“The gap between what is taught and what is learned—both intended and unintended—is large” (Cuban, 1992, p. 223). Without ongoing assessment of the written and taught curricula, it is difficult to determine the learned curriculum.
Differentiated instruction occurs when a teacher proactively plans varied approaches to what students need to learn, how they will learn it, and/or how they can express what they have learned in order to increase the likelihood that each student will learn as much as he or she can as efficiently as possible (Tomlinson & Edison, 2003, p. 151).
“In differentiated classrooms, teachers provide specific ways for each individual to learn as deeply as possible and as quickly as possible, without assuming one student's road map for learning is identical to anyone else’s” (Tomlinson, 1999, p. 2).
Bruner (1960) wrote, “A curriculum as it develops should revisit this basic ideas repeatedly, building upon them until the student has grasped the full formal apparatus that goes with them” (p. 13).
Analyzing curriculum maps allows teachers and administrators to reflect upon the spiral curriculum. Another strategy for analyzing the spiral curriculum is called vertical alignment.
Sergiovanni (1990) wrote, “Schools have multiple and often conflicting purposes that make exact alignment of structure and purpose difficult, if not impossible” (p. 27). Even though exact alignment is difficult to achieve, educators should spend each school year bringing curriculum into alignment and sharing what works with colleagues. A mechanic attempts to align the tires on a car, so it will drive straight. The role of an educator is to align curriculum and help students understand the guaranteed curriculum.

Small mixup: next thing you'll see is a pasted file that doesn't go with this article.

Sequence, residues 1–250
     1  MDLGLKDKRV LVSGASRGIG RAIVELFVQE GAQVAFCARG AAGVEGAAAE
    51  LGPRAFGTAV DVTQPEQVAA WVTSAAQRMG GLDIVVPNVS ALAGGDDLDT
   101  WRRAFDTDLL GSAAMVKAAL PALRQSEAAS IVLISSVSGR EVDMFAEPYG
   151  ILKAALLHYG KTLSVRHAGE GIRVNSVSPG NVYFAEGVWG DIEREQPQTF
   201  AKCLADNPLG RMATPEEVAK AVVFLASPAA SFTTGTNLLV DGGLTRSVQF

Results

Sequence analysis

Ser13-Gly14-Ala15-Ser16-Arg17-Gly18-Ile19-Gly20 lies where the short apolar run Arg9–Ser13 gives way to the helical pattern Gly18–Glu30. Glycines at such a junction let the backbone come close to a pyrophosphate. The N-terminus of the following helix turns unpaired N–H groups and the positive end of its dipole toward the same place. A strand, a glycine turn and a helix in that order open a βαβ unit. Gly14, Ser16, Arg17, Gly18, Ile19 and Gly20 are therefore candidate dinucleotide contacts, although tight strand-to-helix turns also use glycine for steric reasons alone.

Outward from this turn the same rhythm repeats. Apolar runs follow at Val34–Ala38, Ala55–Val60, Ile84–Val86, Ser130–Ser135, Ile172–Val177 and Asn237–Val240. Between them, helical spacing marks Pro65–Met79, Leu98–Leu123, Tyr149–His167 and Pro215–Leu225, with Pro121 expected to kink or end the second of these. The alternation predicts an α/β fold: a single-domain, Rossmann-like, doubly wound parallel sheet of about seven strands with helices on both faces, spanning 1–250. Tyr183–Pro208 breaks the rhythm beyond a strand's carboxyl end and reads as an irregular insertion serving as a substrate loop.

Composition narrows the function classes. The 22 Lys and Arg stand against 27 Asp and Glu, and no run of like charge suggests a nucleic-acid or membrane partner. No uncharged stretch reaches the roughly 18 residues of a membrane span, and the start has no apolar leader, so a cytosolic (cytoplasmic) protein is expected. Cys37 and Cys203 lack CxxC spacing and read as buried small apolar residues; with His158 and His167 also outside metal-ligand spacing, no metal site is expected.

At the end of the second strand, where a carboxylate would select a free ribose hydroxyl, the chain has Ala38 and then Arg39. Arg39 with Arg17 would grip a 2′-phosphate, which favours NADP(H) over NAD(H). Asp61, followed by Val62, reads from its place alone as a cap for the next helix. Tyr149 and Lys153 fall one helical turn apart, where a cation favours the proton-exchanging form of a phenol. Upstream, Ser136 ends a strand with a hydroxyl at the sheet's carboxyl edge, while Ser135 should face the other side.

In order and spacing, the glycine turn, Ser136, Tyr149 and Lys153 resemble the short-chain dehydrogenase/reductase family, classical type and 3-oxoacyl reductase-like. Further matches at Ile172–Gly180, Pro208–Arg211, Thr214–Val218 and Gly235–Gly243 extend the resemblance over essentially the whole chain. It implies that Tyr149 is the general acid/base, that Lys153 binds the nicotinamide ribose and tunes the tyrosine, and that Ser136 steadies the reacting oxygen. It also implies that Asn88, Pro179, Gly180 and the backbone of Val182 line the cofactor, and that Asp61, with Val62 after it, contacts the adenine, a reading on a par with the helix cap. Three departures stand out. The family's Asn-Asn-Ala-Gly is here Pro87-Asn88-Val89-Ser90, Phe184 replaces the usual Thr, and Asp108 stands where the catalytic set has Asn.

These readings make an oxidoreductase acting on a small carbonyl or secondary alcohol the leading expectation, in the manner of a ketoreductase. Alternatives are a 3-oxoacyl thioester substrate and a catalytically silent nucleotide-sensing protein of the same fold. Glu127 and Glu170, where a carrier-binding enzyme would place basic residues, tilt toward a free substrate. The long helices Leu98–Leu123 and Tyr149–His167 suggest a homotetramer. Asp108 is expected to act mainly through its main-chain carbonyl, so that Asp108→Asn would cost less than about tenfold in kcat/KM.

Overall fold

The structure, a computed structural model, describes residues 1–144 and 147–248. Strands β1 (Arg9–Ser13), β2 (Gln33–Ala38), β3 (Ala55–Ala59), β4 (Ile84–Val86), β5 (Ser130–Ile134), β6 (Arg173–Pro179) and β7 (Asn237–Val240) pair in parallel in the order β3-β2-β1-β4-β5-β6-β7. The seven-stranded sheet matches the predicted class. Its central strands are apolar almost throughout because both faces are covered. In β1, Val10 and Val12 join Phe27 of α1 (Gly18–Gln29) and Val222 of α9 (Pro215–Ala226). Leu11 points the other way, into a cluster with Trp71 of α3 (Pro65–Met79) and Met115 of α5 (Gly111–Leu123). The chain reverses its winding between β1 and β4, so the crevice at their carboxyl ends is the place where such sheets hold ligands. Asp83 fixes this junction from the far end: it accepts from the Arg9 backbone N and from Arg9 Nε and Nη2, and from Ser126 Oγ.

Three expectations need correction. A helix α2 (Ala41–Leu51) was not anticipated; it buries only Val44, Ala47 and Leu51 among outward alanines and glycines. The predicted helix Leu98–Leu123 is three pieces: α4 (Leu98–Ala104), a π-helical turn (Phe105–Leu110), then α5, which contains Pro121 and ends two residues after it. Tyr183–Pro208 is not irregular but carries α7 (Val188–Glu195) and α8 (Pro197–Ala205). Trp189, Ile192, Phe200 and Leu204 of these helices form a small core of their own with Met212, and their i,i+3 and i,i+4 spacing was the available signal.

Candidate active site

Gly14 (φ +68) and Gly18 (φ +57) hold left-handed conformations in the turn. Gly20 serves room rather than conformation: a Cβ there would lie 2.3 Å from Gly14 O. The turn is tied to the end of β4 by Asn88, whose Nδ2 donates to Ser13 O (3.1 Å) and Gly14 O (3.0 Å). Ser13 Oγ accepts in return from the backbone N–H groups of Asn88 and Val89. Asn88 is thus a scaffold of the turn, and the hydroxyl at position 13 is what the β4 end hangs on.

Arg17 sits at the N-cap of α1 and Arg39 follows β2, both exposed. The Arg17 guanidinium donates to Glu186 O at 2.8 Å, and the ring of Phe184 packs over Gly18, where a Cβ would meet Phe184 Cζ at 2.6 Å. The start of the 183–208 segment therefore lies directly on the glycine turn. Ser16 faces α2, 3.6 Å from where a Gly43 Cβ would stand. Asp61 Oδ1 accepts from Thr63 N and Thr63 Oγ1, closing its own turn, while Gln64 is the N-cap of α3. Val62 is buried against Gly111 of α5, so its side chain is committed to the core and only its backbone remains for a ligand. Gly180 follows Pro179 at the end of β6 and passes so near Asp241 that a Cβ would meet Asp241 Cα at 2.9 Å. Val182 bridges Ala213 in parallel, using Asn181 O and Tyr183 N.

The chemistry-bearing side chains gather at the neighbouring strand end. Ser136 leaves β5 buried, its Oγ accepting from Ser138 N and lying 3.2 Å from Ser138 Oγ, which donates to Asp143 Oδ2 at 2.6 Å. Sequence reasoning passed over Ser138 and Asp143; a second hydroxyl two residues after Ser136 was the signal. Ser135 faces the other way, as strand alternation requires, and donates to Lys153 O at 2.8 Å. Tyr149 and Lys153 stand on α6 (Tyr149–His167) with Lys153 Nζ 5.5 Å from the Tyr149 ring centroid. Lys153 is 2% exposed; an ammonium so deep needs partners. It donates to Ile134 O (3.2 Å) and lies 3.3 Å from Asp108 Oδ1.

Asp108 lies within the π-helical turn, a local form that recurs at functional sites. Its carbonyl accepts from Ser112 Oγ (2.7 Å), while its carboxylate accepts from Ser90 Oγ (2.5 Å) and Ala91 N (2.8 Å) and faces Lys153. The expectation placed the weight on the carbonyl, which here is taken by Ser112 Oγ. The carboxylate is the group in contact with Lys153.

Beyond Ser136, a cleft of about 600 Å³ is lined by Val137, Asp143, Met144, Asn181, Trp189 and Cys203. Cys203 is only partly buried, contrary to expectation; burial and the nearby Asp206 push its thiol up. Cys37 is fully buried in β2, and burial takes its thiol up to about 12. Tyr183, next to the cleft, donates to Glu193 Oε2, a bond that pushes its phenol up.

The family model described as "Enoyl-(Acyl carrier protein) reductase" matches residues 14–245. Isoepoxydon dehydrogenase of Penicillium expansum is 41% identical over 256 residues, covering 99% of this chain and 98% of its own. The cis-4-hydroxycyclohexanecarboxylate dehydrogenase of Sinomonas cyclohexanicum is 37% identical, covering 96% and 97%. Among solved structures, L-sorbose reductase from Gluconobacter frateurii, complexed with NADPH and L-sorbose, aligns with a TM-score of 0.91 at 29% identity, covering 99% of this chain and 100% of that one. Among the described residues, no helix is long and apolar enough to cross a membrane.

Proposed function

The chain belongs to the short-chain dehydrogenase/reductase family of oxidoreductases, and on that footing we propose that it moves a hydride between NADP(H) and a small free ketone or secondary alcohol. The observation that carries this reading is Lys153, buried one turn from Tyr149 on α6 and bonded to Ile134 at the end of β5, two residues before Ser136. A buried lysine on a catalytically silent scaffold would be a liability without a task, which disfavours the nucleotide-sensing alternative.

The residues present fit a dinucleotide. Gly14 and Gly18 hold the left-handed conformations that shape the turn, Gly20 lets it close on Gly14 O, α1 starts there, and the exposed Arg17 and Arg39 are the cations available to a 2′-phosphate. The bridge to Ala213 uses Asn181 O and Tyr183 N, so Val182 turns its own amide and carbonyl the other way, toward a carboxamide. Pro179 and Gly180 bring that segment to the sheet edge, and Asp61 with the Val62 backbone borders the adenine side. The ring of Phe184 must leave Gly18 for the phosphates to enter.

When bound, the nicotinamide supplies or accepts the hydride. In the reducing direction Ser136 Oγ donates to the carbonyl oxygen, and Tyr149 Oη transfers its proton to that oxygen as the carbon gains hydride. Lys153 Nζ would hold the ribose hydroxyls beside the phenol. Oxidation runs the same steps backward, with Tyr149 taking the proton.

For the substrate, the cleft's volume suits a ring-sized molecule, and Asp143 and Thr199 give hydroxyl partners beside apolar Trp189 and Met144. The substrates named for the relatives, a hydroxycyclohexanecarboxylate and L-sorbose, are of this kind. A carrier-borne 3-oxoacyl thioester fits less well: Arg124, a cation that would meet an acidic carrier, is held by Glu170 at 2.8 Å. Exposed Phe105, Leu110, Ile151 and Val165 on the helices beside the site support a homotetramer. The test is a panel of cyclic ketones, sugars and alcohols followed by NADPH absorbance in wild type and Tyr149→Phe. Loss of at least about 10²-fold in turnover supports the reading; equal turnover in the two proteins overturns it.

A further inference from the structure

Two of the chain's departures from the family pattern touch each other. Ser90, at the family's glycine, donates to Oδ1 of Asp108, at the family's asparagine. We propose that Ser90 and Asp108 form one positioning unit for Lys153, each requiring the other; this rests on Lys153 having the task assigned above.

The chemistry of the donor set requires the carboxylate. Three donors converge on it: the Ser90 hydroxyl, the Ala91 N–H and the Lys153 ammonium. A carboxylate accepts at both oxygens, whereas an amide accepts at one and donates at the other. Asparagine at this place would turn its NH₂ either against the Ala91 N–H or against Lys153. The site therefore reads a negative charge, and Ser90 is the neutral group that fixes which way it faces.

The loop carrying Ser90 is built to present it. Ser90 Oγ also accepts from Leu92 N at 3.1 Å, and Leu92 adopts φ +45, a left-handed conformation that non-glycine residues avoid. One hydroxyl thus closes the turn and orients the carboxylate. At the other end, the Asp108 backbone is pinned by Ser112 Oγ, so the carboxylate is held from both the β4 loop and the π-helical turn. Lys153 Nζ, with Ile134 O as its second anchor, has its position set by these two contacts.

Concept-based curriculum and instruction is emphasized by Lynn Erickson. She states that teachers tend to focus on fact-based curriculum and isolated skills if key concepts are not identified. “Teachers in thinking classrooms understand how to use concepts to integrate student thinking at a deeper level of understanding – a level where knowledge can be transferred to other situations and times” (Erickson, 2007, p. 22). 21st century curriculum and instruction calls for concept-based curriculum.
According to Erickson (2007), concepts are timeless, universal, abstract and broad. The conceptual transfer of knowledge includes the application of concepts or universal generalizations across time, cultures or situations